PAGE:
I've always been an optimistic Sens fan. At the start of every season I would go out of my way to justify why my team could be a Cup contender. When the team missed the playoffs in 2008-09 I was slightly devastated. Yet I remained optimistic. It was just a small blip on the radar. They would bounce back, and they did. The Senators would go on to lose against Pittsburgh in the first round the next season. However, my excitement for what to come was strong after that exhilarating series, especially the triple overtime victory. I always looked at the bright side.
Having completed a co-op term at university, I finally had the cash to purchase my first 10 game pack. I was finally a season ticket holder and the best years were about to come. Well I was wrong. Despite my positive outlook, 2010-2011 was not a good year. It would lead to the "rebuild", which I of course looked at optimistically. We still retained our best players in Daniel Alfredsson and Jason Spezza. Why couldn't we come back and make the playoffs next year with some fresh faces. With that in mind I would upgrade my ticket package to a half season.
With Nikita Filatov and David Rundblad joining the lineup, I was pumped for the 2011-2012 season. They would be the beginning of the next generation that would lead this team for years to come. My optimism there may have been a bit high, but it carried over to the acquisition of Kyle Turris. It would pay off as the Senators were right back in the playoff race against the New York Rangers. This would be the first playoff series I have attended since 1998 and I had forgotten how exciting playoff hockey is live. I won't forget the Turris OT winner. Despite losing the series, I felt like the Sens were trending in the right direction. With my co-op terms completed and money burning in my pocket, I made the decision to get full season tickets.
The lockout would ruin my opportunity to experience having full season tickets during a full season. Nevertheless, I was ecstatic that it didn't take away the entire season. I was ready to watch the Sens improve. Injury problems plagued the team, but the "Pesky Sens" would have none of it. Despite being outplayed in many of the games and only winning due to record goaltending, the optimist in me believed everything was fine. This was only perpetuated by the playoff run that featured one of the most memorable playoff rounds in Sens history. If I thought the building was loud the year before, the Habs one blew that out of the water. I will never forget the Pageau hat trick and line brawl. Losing in the second round was acceptable. The team was trending upwards. Now employed, I had upgraded my full season seats to a better location, and I didn't regret it one bit.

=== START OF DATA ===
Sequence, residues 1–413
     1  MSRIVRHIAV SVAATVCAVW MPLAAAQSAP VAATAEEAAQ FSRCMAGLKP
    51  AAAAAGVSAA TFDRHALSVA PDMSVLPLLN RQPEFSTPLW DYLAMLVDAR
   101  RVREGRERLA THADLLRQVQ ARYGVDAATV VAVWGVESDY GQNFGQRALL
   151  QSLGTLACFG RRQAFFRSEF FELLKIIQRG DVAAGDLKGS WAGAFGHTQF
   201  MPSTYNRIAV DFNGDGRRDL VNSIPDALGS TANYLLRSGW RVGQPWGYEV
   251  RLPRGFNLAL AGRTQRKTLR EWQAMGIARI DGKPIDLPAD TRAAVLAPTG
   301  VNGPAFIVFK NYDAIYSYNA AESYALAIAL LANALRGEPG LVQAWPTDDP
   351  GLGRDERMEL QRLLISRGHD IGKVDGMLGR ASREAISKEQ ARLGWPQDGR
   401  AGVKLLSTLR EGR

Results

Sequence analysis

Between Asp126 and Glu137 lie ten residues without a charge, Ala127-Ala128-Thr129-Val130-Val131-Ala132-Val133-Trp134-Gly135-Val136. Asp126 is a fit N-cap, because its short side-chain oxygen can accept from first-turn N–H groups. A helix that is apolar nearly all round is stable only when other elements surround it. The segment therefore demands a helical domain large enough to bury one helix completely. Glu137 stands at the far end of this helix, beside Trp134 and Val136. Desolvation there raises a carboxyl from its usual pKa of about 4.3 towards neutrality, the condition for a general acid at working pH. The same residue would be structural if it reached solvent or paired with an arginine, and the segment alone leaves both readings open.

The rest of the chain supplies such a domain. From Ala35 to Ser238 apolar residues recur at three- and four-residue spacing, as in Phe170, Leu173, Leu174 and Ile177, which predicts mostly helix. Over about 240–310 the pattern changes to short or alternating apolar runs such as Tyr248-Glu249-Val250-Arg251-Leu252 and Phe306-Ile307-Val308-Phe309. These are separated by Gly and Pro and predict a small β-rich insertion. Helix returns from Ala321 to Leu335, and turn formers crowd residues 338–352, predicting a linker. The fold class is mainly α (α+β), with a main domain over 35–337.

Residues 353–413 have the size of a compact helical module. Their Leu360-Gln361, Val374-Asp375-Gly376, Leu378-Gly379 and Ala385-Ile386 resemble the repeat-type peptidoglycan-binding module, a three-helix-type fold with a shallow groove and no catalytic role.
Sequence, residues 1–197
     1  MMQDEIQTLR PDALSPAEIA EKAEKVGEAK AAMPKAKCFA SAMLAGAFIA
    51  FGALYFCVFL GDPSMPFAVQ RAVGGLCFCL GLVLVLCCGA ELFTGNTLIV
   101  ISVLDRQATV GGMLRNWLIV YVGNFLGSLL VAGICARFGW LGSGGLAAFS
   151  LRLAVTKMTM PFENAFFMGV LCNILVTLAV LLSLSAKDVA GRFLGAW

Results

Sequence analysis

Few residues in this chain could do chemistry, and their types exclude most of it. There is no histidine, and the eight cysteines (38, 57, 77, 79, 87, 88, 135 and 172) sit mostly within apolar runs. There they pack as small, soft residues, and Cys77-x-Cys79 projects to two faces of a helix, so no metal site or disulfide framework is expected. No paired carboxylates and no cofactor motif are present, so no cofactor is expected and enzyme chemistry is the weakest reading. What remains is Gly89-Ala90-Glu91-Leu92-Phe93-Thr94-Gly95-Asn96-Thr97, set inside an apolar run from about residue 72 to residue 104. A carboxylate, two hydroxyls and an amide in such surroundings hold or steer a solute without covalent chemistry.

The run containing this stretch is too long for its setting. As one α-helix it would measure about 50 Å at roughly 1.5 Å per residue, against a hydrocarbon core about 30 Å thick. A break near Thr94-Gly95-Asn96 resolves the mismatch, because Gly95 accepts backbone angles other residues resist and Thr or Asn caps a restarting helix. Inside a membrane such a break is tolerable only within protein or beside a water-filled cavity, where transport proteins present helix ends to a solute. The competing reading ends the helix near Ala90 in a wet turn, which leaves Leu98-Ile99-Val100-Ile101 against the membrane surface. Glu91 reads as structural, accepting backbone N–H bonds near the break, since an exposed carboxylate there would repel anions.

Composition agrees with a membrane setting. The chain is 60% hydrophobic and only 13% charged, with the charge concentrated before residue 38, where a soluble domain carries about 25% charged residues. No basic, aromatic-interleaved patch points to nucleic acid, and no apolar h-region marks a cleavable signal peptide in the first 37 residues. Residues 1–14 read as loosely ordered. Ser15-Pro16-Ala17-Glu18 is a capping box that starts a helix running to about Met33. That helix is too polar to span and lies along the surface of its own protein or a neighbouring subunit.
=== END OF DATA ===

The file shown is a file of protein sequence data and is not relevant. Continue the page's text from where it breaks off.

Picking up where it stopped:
Like every other Sens fan, I couldn't wait for the season to start. That is, until free agency hit and the loss of Alfredsson happened. That stung. However optimistic I'd been, this had me thinking. Fortunately, the optimist in me was able to overcome any doubts as soon as I heard about the Bobby Ryan trade. Despite the loss of Alfredsson, many had the Senators pegged as a Stanley Cup contender in the East. I fully agreed. Unfortunately, that didn't go as planned. The team struggled to find consistency, and this is where my optimism finally started to waver. At first, I placed the blame on coaching. As the season progressed though, I finally began to realise the roster just wasn't that good. I think this is the first time I ever willingly acknowledged that my team wasn't as good as I thought they were.
Fast forward to the present. Free agency opens and 24 hours pass with the Sens trading Spezza for little help in the present and re-signing Milan Michalek. Meanwhile, we watch as other teams like the Tampa Bay Lightning and Dallas Stars immediately become Cup contenders in one day with several strong moves. Bryan Murray goes on to explain that we have a good team and it will be a hardworking team. Murray explains that the rebuilding days are over. I find myself shaking my head. This isn't a good team. Hardwork is a term used to describe a team lacking talent. The rebuilding days are indeed over though. Who are we waiting on? Curtis Lazar? That's one prospect. There aren't any other knights in shining armour coming up in the system.
What bugs me is the organization trying to convince Sens fans that the money will be there when we're ready to compete. What does that mean? To me, we're ready to compete now. We have arguably the best first line since the pizza line days, all under reasonable contracts. We have Karlsson playing some of the best hockey at a mere $6.5 million. We finally have goaltending, in both the starter and backup position. If anything, this is the best time to go for it, especially with the East being wide open. Look at Montreal. Spend smartly to the cap and this team is far superior to them. Don't lie to me and say we'll spend when we're ready to compete. That time is now.
My optimistic view on the team has entirely flip flopped to pessimism. I don't like it. I don't like not being excited for the upcoming season. It's tough to accept the fact this team will never reach its full potential under current ownership, and will likely never compete for the Stanley Cup with the status quo. The numbers don't lie, a bottom spending team will not win. Despite all that, I am keeping my full season tickets and will still support the team. The one difference is that this time around I have zero expectations heading into the season. I hope they prove me wrong, but this is the death of the optimistic Sens fan.